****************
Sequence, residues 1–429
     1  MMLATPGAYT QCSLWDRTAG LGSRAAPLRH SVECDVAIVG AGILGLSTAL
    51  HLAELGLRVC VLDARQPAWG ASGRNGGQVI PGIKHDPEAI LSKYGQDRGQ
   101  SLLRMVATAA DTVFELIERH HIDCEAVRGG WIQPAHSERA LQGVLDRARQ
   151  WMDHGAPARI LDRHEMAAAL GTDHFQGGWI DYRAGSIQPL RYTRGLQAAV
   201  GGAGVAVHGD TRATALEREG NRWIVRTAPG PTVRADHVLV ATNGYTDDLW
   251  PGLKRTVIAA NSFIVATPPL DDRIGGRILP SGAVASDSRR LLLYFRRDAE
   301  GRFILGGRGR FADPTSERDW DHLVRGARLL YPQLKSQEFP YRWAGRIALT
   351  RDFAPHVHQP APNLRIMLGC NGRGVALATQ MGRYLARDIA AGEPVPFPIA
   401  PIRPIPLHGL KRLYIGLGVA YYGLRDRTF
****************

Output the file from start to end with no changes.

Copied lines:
Sequence, residues 1–429
     1  MMLATPGAYT QCSLWDRTAG LGSRAAPLRH SVECDVAIVG AGILGLSTAL
    51  HLAELGLRVC VLDARQPAWG ASGRNGGQVI PGIKHDPEAI LSKYGQDRGQ
   101  SLLRMVATAA DTVFELIERH HIDCEAVRGG WIQPAHSERA LQGVLDRARQ
   151  WMDHGAPARI LDRHEMAAAL GTDHFQGGWI DYRAGSIQPL RYTRGLQAAV
   201  GGAGVAVHGD TRATALEREG NRWIVRTAPG PTVRADHVLV ATNGYTDDLW
   251  PGLKRTVIAA NSFIVATPPL DDRIGGRILP SGAVASDSRR LLLYFRRDAE
   301  GRFILGGRGR FADPTSERDW DHLVRGARLL YPQLKSQEFP YRWAGRIALT
   351  RDFAPHVHQP APNLRIMLGC NGRGVALATQ MGRYLARDIA AGEPVPFPIA
   401  PIRPIPLHGL KRLYIGLGVA YYGLRDRTF